If we believe that after we get clean and/or sober we’re not going to have to do any kind of work to stay sober then we’re mistaken.
We come into our sobriety with a big pile of difficult emotions, incorrect ways of thinking, and many unskillful habits that have to be undone. So it’s going to take time and focused, thoughtful work to correct those things. We’re seeking not just to be free of physical addiction but to make our mind function in a way that’s geared toward expediting mental and physical health.
We’re being naïve if when we’re new to recovery we think that all we have to do to achieve significant health and happiness is just go to a few 12-step meetings. I assure you that things are not that simple. I spent a great deal of time overy many years interacting with other people in 12-step programs. And as far as my own experience is concerned, I spent many years both working 12-step programs within their proper guidelines and foolishly neglecting to do so. I came to realize that creating a clean slate, moving towards mental and physical health and wellness, and understanding the world as we were designed to do so takes a great deal of effort.
Having said that, if you start with your recovery practice today, even right now, you can still experience a great sense of relief. But in order for that encouraging sense of relief to stay with us and provide continuous hope we have to be prepared for the hard days ahead.
There will be hard days ahead—that’s just part and parcel to being alive on this planet. We’re going to have to understand the source of our anxieties, we’re going to have to observe our own reactions to events, and we’re going to have to make changes for the better.
Changing the way we think, feel and act is a natural process. As an example of how self-improvement should work, consider a computer program that isn’t working properly because it has bad data on it. If a programmer finds the source of the dysfunction and overrides it with new data, the program will then operate as it should. In the same way, we have corrupt data in our memory banks and it causes us to have bad behavior. We have to find the corrupt data in our own minds and fix it. It’s our responsibility to do that if we want to see positive change in ourselves.
The computer program correction analogy is accurate up to a point, but there’s a significant difference between that process and addictive behavior improvement. Let me explain. If a computer programmer or systems analyst discovers a fault in a program, they will almost always need to shut the program down immediately and completely fix the problem before bringing the program or system back online. Such a situation is commonly referred to as “downtime.”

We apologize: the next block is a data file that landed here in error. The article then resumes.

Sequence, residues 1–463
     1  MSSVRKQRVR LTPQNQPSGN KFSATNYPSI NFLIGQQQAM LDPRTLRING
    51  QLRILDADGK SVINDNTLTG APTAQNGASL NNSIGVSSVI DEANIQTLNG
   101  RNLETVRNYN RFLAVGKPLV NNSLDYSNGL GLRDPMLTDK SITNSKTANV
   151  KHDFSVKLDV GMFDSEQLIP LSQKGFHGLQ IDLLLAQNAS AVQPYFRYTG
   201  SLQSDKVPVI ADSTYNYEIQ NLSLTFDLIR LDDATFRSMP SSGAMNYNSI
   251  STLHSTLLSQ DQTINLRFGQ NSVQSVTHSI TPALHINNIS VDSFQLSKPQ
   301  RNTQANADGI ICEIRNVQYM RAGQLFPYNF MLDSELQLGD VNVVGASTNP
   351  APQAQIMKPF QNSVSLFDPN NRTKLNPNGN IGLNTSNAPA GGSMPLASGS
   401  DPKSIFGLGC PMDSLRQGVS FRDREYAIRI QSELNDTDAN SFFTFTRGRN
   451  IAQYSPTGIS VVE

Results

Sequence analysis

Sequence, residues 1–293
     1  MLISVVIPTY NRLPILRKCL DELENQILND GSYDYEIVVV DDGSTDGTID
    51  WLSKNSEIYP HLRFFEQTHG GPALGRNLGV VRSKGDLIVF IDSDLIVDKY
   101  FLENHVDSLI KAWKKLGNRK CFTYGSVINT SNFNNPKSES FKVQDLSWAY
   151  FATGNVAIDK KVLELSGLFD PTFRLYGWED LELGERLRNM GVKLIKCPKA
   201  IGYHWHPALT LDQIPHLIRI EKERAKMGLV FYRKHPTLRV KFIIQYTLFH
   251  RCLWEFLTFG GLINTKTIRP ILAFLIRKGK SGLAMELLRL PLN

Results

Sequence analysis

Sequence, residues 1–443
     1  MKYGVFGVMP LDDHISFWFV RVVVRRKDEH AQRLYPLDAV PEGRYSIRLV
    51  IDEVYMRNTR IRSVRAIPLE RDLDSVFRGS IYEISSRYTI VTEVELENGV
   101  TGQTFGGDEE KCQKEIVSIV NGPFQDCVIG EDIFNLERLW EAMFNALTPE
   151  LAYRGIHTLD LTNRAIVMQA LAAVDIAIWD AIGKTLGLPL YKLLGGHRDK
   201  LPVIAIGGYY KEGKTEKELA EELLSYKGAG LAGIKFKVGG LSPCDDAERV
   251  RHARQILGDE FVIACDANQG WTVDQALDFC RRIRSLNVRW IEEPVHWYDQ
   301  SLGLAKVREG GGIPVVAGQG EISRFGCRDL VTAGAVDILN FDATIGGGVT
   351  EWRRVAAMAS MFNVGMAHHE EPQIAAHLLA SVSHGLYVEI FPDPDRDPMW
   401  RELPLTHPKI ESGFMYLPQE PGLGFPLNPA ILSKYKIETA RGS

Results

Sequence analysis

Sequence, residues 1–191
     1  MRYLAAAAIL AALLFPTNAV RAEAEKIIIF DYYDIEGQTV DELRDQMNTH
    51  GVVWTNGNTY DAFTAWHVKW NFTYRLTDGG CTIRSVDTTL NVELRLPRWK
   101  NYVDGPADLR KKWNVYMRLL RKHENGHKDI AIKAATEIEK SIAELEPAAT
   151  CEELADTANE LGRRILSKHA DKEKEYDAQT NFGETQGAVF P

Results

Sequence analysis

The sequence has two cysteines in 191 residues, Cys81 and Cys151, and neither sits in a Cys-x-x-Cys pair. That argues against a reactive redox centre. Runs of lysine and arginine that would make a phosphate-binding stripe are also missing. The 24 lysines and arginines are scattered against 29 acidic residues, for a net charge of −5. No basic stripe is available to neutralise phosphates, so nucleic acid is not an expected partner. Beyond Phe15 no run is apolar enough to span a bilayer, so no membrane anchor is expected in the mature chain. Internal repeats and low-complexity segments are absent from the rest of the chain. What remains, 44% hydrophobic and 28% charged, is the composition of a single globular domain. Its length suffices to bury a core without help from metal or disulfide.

But there is no downtime in addiction recovery. We need to change behavior immediately and get on with our lives regardless of what we think, how we feel, or what our impulses are telling us to do or not do. Hopefully over time we will examine our behaviors, link them to traumatic events, grieve appropriately, and do other things that will make it so that our lifestyle will be extremely satisfying over the long run.
However, we may never get to the point at which we’re doing the deep mental and emotional healing work that’s strongly recommended. We can’t stop living, do the required introspective work, and then begin our clean and sober lifestyles. Our metaphorical “system” of being alive has to be up and running at all times.
It’s not required for us to fix the roots of our addictive behavior before we stop engaging in that behavior. What is required, though, is to have the desire and inspiration to quit for good. How does one get such desire and inspiration? Doing what you’re doing right now—reading a self-help book written by someone who’s been where you are—is a good beginning.
You have to remind yourself every day to focus on recovery and stopping your negative behavior patterns. You cannot let yourself slip for days on end. You have to do your meditation work, your writing, and your prayer work. You have to go to meetings, engage in therapy (if it’s available), talk about your feelings, exercise, and read books on philosophy.
The good news is that your situation will improve right away as long as you’re doing those things. Having said that, some people will definitely have more difficulty than others, especially if they’ve been in a depression for a long time.
I’ll conclude this short section with a hint that will be helpful for anyone and especially for someone struggling with depression. Specifically, find 10 things to be grateful for in the world. Think of those things—things you love, things that interest you, things you enjoy, and the like. When you do so, you’ll begin to develop a positive attitude and see things from the perspective that you will need to have to recover fully and move into a life characterized by self-fulfillment, excitement, and joy.